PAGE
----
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Keeping track of aging?

Discussion in 'Cellaring / Aging Beer' started by MetalMountainMastiff, Jan 9, 2013.

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  1. MetalMountainMastiff

    MetalMountainMastiff Oct 1, 2012 California
    Beer Trader

    How do you keep track of whats been aging, for how long? After a cellar reaches a certain size it seems easy to get lost. Seems putting tags on bottles or maybe a white board list would be smart? or just in a booklet?

    Or just wing it, you'll remember!
  2. surlytheduff

    surlytheduff Jul 22, 2010 Tajikistan
    Beer Trader

    Google docs spreadsheet. Can use little round stickers on bottle crowns to note vintage if there isn't any other way to physically discern what it is.
  3. jhartley

    jhartley Aug 22, 2010 Florida
    Beer Trader

    You could use an Excel spreadsheet and label the tops with stickers or tie-tags. Numbering/Lettering the shelves and using that would most likely be useful as well, that way each bottle is labeled and then tracked by the shelf it is on, of course you need to make sure you're tracking any bottles you move from shelf to shelf.
  4. Andygirl

    Andygirl Jan 3, 2013 Michigan

    I tie tag with info (like cellar temp, opening time table, rating) and use certain color coded ones for each vintage. So 2008 tag is green, 2009 tag is peach, 2010 is blue, etc. I only have about 50 bottles holding, so it's enough.
  5. krl2112

    krl2112 Nov 10, 2012 Illinois
    Beer Trader

    I use little green dot stickers and write the year on them and I also use an excel spreadsheet that lists the brewery, brew, type of beer, year, State, quantity, cost and comments. I have about 300 bottles so this is a great help not only for my tracking and personal consumption but also for trading.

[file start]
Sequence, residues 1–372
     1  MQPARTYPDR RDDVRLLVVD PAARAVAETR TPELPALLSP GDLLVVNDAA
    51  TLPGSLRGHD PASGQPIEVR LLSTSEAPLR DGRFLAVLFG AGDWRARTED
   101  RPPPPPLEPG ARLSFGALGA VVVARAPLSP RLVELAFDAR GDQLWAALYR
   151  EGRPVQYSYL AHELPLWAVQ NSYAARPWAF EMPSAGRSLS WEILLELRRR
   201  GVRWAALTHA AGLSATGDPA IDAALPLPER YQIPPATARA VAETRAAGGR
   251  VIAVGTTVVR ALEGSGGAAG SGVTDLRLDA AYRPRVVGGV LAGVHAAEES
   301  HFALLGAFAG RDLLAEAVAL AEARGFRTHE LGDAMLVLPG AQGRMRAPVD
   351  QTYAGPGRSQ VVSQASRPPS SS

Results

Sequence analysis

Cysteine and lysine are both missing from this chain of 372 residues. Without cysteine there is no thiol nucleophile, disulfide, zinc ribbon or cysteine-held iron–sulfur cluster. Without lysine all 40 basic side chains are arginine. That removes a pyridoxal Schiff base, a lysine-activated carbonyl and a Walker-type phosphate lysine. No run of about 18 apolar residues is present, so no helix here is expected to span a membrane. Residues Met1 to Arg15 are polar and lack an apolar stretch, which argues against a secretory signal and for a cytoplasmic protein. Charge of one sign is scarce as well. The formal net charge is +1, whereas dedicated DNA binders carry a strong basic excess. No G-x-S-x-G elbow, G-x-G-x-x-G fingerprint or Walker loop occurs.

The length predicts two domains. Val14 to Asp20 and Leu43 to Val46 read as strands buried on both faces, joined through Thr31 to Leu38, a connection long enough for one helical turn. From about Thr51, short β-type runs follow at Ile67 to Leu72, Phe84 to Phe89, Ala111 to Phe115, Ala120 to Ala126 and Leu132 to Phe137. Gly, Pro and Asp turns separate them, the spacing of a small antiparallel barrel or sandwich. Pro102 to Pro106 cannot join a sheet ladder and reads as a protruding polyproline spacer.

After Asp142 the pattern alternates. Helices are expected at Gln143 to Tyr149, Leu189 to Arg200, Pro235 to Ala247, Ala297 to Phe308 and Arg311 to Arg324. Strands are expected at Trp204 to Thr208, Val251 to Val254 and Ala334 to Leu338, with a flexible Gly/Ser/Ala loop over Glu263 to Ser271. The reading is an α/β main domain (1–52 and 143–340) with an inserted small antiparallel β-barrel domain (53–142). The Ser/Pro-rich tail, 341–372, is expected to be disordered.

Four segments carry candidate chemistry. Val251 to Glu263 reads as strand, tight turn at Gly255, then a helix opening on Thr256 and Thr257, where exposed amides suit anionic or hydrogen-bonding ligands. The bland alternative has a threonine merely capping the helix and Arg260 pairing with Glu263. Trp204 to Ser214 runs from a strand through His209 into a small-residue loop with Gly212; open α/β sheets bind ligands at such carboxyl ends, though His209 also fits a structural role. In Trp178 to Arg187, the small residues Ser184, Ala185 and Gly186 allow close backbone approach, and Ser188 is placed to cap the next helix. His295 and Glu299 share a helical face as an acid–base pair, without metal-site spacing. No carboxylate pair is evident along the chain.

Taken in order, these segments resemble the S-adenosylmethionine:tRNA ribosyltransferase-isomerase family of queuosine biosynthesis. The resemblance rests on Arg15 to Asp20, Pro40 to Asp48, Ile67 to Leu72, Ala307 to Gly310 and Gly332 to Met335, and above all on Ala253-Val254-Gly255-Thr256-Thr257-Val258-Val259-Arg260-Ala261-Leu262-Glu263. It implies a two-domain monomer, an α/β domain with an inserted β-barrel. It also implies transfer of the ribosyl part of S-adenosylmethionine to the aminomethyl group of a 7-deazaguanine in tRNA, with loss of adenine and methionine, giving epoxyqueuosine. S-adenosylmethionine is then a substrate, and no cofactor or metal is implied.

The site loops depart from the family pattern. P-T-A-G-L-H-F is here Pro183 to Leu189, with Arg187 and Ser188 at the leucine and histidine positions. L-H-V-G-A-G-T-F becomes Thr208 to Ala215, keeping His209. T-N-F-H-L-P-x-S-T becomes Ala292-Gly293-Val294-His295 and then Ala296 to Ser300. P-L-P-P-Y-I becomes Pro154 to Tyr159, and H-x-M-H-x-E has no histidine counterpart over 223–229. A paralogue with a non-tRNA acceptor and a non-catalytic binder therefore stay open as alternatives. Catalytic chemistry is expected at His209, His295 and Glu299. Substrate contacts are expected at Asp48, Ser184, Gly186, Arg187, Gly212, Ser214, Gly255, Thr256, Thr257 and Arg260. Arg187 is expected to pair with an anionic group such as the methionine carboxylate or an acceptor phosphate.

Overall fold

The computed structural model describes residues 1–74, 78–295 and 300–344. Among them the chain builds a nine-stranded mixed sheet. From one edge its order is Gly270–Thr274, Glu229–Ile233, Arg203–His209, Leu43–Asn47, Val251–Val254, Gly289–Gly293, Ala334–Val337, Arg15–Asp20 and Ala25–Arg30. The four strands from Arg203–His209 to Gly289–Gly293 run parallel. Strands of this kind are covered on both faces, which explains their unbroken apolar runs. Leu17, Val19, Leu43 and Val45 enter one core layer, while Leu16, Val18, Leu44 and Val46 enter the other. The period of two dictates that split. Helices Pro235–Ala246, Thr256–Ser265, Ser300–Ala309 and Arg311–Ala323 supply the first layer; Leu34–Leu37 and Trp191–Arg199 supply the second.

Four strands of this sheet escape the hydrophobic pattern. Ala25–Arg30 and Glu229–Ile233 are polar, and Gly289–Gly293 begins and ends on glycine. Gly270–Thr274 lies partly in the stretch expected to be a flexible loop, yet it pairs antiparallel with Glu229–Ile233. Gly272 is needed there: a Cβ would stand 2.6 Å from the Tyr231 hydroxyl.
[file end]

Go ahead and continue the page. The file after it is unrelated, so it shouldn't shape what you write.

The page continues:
6. beercanman

    beercanman Dec 17, 2012 Ohio

    I use little tags with string and put them around the neck with the date it goes into the cellar. I have a app on my phone (android) with all my cellar info on it so I know what I have, how old, how many and what size when I'm out bottle shopping. Works well for me
  7. Zimbo

    Zimbo Aug 7, 2010 United Kingdom (Scotland)

    I have a mental note of everything I'm aging and at what stage of development each bottle is presently at. Most of all I keep a strict policy of not letting any beer age too long as the cellaring/aging trend is totally out of control in respect to what can and what should be aged in the first place.
  8. inchrisin

    inchrisin Sep 25, 2008 Indiana

    I'm just getting into cellaring. What can and or should be cellared? :)
  9. Zimbo

    Zimbo Aug 7, 2010 United Kingdom (Scotland)


    Beers with a solid core of substance usually can age pretty well. Its why there's such a difference in cellaring potential between Double/ Imperial IPAs and Barley Wines irrespect other whether we're talkin malt accented British barley wines or hoppy American barley wines. Barley wines have that solid cure of substance as do the best RISs and quads.

    As for aging,in the 3-5 year range, randomly I'd consider the following relatively easy to find beer in no particular order:

    Old Stock Ale
    St Bernardus 12
    Fullers Vintage Ale
    Brooklyn Black Chocolate Stout
    Alesmith Speedway Stout
    Trappistes Rochefort 10

    Just remember to keep them at constant temp around 52-55 F and out of light. Above 10% ABV usually offers a degree of reassuring cellaring potential.
  10. Zimbo

    Zimbo Aug 7, 2010 United Kingdom (Scotland)

    See above. ;)
    inchrisin likes this.
  11. nihiloexnihil

    nihiloexnihil Jan 2, 2011 Maryland
    Beer Trader

    Just had one of my four year old Brooklyn Black Chocolate stouts... didn't hold up all that well, surprisingly. Most of the chocolate flavor seemed to fade away leaving really not much flavor left. I was sad.

    As far as keeping track, I use an excel/Google docs spreadsheet, and most of the stuff I have in the cellar has a bottled-on date anyway, which is helpful.
  12. chanokokoro

    chanokokoro Jan 31, 2012 Illinois

    An Excel spreadsheet listing all information regarding every bottle in my cellar that is known including bottling date, or if not known, purchasing date, vintage, etc. Also, a best by date if provided by the brewery.
  13. ForkAndSpoonOp

    ForkAndSpoonOp May 4, 2011 Pennsylvania

    The Excel spreadsheet is the standard. I actually kinda like the website cellarhq.com. Same basic idea.
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